One trend he led was collaborating with The Limited in 1984 for a diffusion line. The concept was so foreign that Barneys New York wanted to drop his signature collection. More current trends of see-now-buy-now and computerized design are not something he is completely on board with. “For me, it is too quick. I’m not that technologically savvy. I don’t understand the concept of how people can buy something without trying on to see if it fits. But we need to adapt to the need,” he said. “It’s nice that with a computer you can change a color or even the shape of things in a second — boom, boom, boom. But I like to hand draw in a more classic way. My assistants are very good with the computer. Sketching with the hand first there is much more depth. I am really into the ancient method — completely.

“There are so many houses now and they change designers so often that it is very, very hard to keep up. What they did at Valentino was fantastic. They completely revived Valentino with Pierpaolo [Piccioli] and brought it back up to the forefront.”

This week in New York one must-see for Takada was The Metropolitan Museum of Art’s “Rei Kawakubo/Comme des Garçons” exhibition. “She is great. I have never spoken with her. She is very shy — me too, at times,” he said.

His legacy is not something that he considered until biographers and journalists approached him in recent months. At the end of 2016, The Nikkei in Japan published daily articles about his life for a month. Describing his life was a very personal process and looking back made him realize that he did many things. “People are starting to realize that I changed so many things in fashion and improved so much. I was one of the first to do collaborations, to fuse origins and cultures. I am realizing at the same time as the journalists what I did. I didn’t really think about that in the past,” Takada said.

Arriving in Paris when there weren’t any Asian people working in fashion, he said he started the shop to go back to his roots, getting inspiration from Japanese cuts and textiles and mixing them with European fashion before turning to other cultures. Takada said, “I look to the future completely but we still have to have a real strong understanding of what happened prior. Young people are coming out of school and are interested in learning different crafts. That is a very good thing. And I think it is something new that is happening.”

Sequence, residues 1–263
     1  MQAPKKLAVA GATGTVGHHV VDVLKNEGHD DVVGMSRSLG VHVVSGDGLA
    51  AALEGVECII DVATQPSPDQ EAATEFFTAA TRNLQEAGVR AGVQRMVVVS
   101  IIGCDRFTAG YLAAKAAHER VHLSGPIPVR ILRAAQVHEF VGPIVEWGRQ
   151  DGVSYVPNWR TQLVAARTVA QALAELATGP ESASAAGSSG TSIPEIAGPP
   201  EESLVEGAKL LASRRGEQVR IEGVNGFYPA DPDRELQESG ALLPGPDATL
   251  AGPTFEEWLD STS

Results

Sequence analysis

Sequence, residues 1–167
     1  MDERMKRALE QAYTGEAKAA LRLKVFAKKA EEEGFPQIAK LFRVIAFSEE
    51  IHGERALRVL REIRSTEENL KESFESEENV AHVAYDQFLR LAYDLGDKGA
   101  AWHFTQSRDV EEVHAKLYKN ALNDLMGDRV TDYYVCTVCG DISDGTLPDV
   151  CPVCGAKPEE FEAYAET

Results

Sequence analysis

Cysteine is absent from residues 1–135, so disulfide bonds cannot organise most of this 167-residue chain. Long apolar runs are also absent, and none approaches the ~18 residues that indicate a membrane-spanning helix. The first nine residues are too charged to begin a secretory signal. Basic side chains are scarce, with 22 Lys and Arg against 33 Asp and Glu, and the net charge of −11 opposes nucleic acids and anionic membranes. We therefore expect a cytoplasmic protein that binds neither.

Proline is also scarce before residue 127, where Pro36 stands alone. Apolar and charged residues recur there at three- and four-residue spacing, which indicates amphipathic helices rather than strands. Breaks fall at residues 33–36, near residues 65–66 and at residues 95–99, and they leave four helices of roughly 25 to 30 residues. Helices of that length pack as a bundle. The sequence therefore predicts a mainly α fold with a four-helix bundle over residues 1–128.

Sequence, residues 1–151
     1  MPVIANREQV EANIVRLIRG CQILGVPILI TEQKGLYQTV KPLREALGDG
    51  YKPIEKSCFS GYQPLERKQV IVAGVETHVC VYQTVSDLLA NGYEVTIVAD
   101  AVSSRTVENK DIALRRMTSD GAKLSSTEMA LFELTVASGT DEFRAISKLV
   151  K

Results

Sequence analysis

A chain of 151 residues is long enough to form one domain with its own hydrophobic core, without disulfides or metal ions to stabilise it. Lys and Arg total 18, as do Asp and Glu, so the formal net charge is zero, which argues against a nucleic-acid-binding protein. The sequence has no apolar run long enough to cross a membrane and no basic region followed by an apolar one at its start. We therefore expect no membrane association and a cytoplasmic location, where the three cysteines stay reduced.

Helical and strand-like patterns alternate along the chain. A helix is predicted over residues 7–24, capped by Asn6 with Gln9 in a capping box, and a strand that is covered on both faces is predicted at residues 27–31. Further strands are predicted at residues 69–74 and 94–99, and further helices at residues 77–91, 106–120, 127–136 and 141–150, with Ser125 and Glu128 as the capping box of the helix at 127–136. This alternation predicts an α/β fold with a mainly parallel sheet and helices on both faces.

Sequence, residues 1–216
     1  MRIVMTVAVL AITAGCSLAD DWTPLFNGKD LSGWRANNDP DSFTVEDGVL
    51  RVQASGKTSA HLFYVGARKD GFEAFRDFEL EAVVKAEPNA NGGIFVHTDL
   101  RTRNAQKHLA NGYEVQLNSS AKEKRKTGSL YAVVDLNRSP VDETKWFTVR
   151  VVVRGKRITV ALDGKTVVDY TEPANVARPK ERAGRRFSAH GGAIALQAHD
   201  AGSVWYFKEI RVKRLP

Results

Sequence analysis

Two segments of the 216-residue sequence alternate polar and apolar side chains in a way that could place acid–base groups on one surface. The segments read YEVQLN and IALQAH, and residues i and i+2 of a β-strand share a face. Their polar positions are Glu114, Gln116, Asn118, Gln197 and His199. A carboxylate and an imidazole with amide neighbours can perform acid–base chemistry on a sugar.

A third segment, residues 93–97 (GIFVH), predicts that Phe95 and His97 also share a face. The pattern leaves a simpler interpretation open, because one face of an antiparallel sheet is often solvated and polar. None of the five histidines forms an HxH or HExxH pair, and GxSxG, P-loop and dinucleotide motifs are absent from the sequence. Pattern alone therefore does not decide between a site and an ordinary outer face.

The son of innkeepers, Takada said living in Japan right after World War II led him toward fashion. “It was a very dark era. There was really nothing. The only kind of happiness that I could grab was through magazines and TV. That really drove me to be very interested in fashion. I was very attracted to either moving to Paris or New York. I wanted to go,” he said. “’Little Women’ was the first movie I saw — wow.”

While he hasn’t spoken with filmmaker Wes Anderson about collaborating, Takada loves films and actually worked on a film years ago. “I did one. It was no good. In 1980, I did ‘Dream After Dream.’ It was in August when I was on vacation. We did the shoot in Morocco but we didn’t expect it was during Ramadan. So it was complex. We worked very hard for one month in the desert all over. We were doing all these rushes of heavy, heavy work but we couldn’t review what we had filmed. It wasn’t until we came back to Paris that we saw everything, but we couldn’t change it.”

Not ruling out working in fashion again, he prefers to work at a more measured pace in other areas. With the Summer Olympics returning to Tokyo in 2020, there are rumblings of collaborating with an airline about a customized exterior design. Takada said, “I’ve had a lot of success but I’ve had a lot of mistakes as well. But I am a person who tries. I have a good time and I stay. I have a lot of chances.”